The LGBT term is an adaptation of the initialism LGB, which began to replace the term gay in reference to the broader LGBT community beginning in the mid-to-late 1980s. When not inclusive of transgender people, the shorter term LGB is still used instead of LGBT.
It may refer to anyone who is non-heterosexual or non-cisgender, instead of exclusively to people who are lesbian, gay, bisexual, or transgender. To recognize this inclusion, a popular variant, LGBTQ, adds the letter Q for those who identify as queer or are questioning their sexual or gender identity;
LGBTQI or LGBTQI+ adds "intersex" (and other gender variants) to the definition. Those who add intersex people to LGBT groups or organizing may use the extended initialism LGBTI. These two initialisms are sometimes combined to form the terms LGBTIQ.
Other common variants also exist, such as LGBTQIA, with the A standing for "asexual," "aromantic," or "agender," and LGBTQIA+, where “[t]he ‘+’ represents those who are part of the community, but for whom LGBTQ does not accurately capture or reflect their identity.” (Full article...)
Queer Eye is an American reality television series that premiered on the cable television network Bravo in July 2003. Originally Queer Eye for the Straight Guy, the title was later shortened to broaden the overall scope. The series was created by executive producers David Collins and Michael Williams along with David Metzler through their company, Scout Productions.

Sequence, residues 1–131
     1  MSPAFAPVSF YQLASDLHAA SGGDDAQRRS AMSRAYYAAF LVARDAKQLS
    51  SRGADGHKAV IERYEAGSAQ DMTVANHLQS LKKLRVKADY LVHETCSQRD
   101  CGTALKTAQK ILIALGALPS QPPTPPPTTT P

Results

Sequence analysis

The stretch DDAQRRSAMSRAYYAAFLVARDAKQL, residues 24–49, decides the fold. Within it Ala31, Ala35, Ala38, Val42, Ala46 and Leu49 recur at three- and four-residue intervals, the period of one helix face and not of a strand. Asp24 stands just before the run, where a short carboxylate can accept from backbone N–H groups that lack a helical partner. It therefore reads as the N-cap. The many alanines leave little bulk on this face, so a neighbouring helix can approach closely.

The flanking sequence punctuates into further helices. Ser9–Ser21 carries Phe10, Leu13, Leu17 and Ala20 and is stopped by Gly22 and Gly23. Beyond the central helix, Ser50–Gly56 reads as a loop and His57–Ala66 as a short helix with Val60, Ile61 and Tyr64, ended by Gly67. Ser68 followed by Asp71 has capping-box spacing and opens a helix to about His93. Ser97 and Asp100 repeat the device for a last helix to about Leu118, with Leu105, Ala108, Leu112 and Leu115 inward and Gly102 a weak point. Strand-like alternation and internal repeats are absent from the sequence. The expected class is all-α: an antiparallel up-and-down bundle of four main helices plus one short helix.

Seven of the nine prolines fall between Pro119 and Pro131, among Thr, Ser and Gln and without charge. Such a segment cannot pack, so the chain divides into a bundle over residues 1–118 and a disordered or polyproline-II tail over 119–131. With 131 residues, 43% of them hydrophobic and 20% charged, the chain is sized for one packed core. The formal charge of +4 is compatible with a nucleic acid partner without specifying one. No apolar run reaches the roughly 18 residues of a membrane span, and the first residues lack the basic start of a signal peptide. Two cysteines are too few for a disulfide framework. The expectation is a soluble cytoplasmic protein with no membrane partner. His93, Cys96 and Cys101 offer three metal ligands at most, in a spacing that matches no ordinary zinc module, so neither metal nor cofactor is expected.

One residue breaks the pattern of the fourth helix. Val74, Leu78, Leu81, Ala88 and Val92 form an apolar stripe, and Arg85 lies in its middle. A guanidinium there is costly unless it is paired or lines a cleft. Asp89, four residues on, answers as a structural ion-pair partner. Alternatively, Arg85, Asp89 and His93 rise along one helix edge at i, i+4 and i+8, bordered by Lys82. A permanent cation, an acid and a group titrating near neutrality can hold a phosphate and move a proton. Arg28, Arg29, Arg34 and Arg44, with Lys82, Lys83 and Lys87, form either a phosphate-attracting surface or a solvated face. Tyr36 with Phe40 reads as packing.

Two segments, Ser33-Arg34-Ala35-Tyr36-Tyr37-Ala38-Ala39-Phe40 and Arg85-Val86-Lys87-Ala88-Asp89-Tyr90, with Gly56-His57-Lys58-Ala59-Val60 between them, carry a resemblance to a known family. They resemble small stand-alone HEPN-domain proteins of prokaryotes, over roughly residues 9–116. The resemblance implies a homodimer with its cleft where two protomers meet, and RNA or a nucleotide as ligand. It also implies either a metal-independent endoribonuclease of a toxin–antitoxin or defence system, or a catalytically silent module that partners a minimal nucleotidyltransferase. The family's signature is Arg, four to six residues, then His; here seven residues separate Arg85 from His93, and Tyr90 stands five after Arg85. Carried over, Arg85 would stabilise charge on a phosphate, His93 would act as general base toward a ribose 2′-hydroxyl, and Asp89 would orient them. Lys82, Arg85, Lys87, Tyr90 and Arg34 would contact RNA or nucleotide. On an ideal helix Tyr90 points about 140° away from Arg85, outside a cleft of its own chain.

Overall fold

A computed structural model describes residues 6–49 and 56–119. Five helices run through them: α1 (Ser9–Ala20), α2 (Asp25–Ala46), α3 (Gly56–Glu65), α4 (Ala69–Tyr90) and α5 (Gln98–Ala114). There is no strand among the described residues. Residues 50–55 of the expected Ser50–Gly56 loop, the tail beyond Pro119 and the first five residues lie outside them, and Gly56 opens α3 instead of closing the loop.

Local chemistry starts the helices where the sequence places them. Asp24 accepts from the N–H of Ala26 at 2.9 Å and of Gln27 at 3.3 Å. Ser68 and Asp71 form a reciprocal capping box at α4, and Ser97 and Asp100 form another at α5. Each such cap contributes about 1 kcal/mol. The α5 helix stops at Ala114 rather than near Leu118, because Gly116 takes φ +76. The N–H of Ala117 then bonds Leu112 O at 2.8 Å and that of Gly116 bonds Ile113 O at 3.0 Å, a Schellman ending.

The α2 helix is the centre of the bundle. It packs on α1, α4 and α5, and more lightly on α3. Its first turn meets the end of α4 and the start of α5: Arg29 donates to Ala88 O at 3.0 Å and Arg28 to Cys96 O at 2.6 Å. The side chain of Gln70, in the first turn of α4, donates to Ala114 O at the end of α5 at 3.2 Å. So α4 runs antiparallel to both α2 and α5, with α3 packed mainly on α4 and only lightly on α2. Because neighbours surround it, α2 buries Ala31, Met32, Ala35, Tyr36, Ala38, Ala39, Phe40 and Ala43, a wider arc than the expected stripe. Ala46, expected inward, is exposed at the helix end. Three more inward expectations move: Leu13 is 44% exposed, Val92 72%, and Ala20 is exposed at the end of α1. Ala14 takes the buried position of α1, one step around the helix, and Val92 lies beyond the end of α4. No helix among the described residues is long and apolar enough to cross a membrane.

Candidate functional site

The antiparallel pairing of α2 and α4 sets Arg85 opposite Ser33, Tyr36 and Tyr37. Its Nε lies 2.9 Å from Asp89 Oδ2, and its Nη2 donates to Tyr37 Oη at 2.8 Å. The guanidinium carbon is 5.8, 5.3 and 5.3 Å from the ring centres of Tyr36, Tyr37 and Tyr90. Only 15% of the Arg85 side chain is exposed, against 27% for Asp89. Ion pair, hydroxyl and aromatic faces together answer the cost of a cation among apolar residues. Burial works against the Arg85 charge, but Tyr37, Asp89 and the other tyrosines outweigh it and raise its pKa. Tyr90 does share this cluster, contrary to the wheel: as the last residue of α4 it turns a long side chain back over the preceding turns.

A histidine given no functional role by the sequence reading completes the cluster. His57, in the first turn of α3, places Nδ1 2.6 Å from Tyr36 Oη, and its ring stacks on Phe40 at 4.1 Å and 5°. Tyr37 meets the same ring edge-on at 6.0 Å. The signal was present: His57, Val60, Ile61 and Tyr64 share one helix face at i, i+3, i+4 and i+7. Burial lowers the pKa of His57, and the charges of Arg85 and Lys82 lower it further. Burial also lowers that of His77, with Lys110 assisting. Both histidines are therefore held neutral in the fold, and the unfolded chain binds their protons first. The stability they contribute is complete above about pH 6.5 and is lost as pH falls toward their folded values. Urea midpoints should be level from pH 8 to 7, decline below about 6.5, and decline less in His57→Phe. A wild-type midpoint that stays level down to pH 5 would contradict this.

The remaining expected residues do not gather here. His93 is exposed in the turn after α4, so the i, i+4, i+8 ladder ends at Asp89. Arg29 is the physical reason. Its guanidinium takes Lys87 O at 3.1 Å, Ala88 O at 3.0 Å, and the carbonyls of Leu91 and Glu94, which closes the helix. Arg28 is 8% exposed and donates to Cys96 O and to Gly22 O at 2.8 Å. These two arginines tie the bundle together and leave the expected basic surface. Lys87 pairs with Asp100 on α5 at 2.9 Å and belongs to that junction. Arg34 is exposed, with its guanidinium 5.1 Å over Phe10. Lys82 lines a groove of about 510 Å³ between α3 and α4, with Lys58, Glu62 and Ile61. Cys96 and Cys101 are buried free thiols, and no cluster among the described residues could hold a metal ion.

Each episode features a team of gay professionals in the fields of fashion, personal grooming, interior design, entertaining and culture collectively known as the "Fab Five" performing a makeover (in the parlance of the show, a "make-better"), usually for a heterosexual (straight) man: revamping wardrobe, redecorating, and offering advice on grooming, lifestyle, and food. (Full article...)
James Robert Baker (October 18, 1947 – November 5, 1997) was an American author of sharply satirical, predominantly gay-themed transgressional fiction. A native Californian, his work is set almost entirely in Southern California. After graduating from UCLA, he began his career as a screenwriter, but became disillusioned and started writing novels instead. Though he garnered fame for his books Fuel-Injected Dreams and Boy Wonder, after the controversy surrounding publication of his novel, Tim and Pete, he faced increasing difficulty having his work published. According to his life partner, this was a contributing factor in his suicide.
Baker's work has achieved cult status in the years since his death, and two additional novels have been posthumously published. First-edition copies of his earlier works have become collector's items. His novel Testosterone was adapted to a film of the same name, though it was not a financial success. Two other books have been optioned for films, but they have not been produced. (Full article...)